Yeah, I think there are a few of them. I think that total cost of ownership is a major one. Certainly we all appreciate systems are expensive, but really wrapping your arms around the total cost of that can be really significant. When we look at It budgets for customers, I find this surprising, but initial implementations are still proving to be challenges. Sometimes it's not a 100% success rate, and certainly in those scenarios, you always have three groups kind of responsible for the success of a new implementation: the customer, the si, the system integrator, and the vendor. And so certainly from our perspective, a project doesn't go wrong without some kind of misbehaving of at least a couple of at least two of the three of those. So we're seeing those that's a little bit shocking that those continue to be challenging for some groups. We're not seeing a 100% success rate there. I'd also say that these systems are largely not intuitive and thus bringing one of these kinds of on board at your business can prove to be a challenge of training for employees. That's a difficult hurdle in some scenarios. These systems are also largely difficult to support. And I'd kind of say that it's challenging to see that. And we feel for customers when those moments happen. But I think we're seeing kind of lower vendor support, as I spoke about a minute ago, that once you kind of lose that competitive activity between different major providers, then suddenly support is one of those areas that can start to slow down, but also very much in house for businesses. I think it's difficult for them to find competent resources who they can hire in house because right now there is a tightly constrained resource market. From an employment standpoint, it's very difficult to find individuals. So I think that's tough. And I'd probably say that all in all, one of the kinds of final changes that customers face is that really these CTRM systems were not built with user experience as a focus. To say that is even a little light hearted as well, because years ago it was all about can you get transactions in? What kind of speed to market opportunities are going by, how can we capitalize on those from the vendor space in CTRM? But I think there's going to be a new focus in the next generation tools and in the years to come on really, that customer experience, user experience. It's hard that all of us have now lived more than a decade with a smartphone in our pocket and we'd say that most of those applications are nearly pretty in comparison to what we're seeing in CTRM ETRM. And I think we're going to see a push for those platforms to kind of have a bit of a facelift.

HOWARD WALPER

Now, are these ETRM tools positioned to support the change, the continuing change in the commodity trading business?

STERLING CARMEAN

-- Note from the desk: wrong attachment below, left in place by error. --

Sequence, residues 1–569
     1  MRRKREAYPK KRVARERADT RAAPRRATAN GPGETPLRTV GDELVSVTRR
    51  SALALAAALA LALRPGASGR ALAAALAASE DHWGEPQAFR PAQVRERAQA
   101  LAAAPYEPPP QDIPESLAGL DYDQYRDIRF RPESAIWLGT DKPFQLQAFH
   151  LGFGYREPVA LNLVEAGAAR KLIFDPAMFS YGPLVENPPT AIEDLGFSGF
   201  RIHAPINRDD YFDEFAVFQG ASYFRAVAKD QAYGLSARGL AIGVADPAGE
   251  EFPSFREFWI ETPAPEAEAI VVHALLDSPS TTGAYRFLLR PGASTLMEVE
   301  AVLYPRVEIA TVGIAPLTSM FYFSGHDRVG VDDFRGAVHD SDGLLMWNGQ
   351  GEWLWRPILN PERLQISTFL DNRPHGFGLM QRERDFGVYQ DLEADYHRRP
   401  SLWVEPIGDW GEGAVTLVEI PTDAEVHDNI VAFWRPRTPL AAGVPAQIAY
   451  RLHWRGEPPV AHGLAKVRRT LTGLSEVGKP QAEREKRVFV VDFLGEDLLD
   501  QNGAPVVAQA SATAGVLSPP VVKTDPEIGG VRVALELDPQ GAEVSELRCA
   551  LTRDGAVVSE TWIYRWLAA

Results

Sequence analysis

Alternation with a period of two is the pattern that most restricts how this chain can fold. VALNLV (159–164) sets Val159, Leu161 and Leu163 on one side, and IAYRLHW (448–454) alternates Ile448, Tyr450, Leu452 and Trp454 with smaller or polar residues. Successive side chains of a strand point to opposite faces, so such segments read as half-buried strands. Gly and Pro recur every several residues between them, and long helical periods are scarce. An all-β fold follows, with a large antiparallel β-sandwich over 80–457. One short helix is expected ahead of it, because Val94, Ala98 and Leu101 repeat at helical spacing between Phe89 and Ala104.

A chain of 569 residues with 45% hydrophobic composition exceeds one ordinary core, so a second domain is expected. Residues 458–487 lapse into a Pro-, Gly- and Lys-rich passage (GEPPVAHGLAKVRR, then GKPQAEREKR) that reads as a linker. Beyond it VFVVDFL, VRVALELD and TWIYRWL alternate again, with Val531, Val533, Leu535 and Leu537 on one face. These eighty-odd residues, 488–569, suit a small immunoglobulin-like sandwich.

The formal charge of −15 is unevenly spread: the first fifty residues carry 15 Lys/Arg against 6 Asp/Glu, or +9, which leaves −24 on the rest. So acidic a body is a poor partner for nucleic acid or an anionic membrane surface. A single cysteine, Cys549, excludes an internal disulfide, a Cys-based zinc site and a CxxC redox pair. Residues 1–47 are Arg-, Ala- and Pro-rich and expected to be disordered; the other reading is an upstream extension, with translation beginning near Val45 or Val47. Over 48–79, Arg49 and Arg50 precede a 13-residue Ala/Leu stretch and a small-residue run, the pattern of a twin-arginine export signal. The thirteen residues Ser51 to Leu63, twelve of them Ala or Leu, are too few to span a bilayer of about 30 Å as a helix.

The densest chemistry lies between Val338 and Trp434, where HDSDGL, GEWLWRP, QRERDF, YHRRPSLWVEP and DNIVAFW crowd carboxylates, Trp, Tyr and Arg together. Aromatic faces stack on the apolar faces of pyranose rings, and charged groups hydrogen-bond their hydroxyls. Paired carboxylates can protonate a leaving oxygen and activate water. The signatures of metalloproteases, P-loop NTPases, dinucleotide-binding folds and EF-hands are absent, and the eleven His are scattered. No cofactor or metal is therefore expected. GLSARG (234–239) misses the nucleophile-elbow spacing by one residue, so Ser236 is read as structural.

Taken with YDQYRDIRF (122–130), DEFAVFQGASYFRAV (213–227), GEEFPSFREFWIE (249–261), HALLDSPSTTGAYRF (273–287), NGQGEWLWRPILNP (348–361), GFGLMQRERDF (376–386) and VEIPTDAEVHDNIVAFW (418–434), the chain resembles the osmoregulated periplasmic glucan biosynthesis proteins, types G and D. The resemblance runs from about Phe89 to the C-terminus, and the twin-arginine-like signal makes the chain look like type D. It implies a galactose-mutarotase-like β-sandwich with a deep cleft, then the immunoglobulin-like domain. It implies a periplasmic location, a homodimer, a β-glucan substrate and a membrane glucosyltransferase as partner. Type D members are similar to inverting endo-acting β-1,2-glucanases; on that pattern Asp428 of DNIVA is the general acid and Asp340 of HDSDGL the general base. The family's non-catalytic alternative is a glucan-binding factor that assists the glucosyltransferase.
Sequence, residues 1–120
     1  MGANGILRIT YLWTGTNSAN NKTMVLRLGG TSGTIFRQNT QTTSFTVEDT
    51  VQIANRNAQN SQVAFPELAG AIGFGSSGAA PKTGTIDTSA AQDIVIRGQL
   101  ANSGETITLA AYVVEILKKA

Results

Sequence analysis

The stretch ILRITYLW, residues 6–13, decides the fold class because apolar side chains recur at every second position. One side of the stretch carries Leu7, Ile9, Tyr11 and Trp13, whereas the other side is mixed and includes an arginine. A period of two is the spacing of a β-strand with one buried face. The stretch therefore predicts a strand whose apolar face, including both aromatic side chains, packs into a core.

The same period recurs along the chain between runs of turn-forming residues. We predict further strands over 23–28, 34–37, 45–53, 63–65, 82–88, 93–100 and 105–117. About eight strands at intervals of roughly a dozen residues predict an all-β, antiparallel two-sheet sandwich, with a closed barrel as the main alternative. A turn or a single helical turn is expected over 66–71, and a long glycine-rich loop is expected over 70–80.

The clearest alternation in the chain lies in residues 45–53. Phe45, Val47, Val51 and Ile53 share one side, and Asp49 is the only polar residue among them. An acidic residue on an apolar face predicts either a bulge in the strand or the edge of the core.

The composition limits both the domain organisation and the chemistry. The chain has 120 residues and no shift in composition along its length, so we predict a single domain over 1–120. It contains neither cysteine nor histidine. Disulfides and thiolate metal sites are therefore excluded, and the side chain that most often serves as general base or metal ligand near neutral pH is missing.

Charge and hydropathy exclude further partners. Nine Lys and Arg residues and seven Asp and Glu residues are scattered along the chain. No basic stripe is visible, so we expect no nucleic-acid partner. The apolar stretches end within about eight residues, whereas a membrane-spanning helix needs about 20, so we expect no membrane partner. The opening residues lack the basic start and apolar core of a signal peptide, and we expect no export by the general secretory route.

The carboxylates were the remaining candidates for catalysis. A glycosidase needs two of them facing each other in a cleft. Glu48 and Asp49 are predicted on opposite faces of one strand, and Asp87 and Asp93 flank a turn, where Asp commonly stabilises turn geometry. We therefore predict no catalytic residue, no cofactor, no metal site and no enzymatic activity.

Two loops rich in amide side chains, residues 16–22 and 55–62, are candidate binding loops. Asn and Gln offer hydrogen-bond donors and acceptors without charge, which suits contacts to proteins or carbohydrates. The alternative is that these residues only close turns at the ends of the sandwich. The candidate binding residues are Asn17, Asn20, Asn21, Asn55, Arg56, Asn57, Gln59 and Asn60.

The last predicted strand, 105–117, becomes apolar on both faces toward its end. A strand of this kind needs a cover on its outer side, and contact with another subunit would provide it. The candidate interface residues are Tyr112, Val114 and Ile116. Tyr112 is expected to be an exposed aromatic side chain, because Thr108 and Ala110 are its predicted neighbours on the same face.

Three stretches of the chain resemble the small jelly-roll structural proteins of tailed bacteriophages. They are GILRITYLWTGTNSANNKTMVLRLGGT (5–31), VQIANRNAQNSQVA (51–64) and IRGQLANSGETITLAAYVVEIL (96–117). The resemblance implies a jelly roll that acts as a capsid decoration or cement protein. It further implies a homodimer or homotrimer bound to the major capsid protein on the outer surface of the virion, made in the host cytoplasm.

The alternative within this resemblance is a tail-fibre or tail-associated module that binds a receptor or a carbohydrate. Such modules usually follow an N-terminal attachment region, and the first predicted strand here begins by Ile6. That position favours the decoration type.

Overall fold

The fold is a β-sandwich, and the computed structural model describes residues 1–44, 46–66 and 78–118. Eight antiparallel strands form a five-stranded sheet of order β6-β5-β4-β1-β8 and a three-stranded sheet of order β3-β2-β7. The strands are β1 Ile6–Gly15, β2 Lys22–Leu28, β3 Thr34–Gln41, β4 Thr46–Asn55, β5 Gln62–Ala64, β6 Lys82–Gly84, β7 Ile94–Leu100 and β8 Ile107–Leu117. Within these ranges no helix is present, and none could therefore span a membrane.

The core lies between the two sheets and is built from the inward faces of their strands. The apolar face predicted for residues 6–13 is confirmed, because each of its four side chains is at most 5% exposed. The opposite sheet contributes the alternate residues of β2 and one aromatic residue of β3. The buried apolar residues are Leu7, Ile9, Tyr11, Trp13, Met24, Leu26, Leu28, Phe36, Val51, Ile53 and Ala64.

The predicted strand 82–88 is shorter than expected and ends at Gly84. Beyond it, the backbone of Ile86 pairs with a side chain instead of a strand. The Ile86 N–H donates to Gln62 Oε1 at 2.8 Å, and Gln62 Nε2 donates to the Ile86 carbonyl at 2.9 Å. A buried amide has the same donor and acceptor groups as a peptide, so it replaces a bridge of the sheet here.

Yeah, I think I would probably answer no to this one, that they're not and maybe not in the traditional ways that people would expect. So I think Etrms are really fantastic engines. They are, relatively speaking, stable platforms to work with. And I think a lot of people have even gone so far as to use the phrase that they're mature. And I'm not a big fan of that word. I think that makes us think of, oh man, this is a mature platform, no continued innovation is necessary. It is kind of what it is. Put that thing in park and we're good to go. I think I would prefer the word established platform. So established that we know what they do, they're doing it consistently. It's stable from that standpoint. But I don't think mature is quite right because I think there is a future opportunity here. I think there's a traditional expectation that I was speaking to a second ago that ETRM vendors will see the need from the market, understand it, make a change inside their platform, come out with whether that's features or specific components to meet those needs. And that they are the one stop shop for solutioning really within the market. And I think that's what it has been for a long time and I think that's been great. But again, I think the environment is moving away from that right now. And as we recognize that these are great engines, but in many ways they're also kind of large. These behemoth kinds of ships are very difficult to turn. Not saying it's not possible, just saying that it can take a little bit to do that. I think it's a wrong expectation that customers in the market may have today to expect that they would work in a pattern where a customer communicates a challenge to the vendor, vendor absorbs that, gets a little more feedback, then builds a feature that comes all the way back around to meet that customer need. I think the timeline that is possible to deliver that sequence is getting longer and longer. And so I think customers who aren't aware of this could be growing in frustration when really I think we've probably crossed the line that that's not really a reasonable expectation.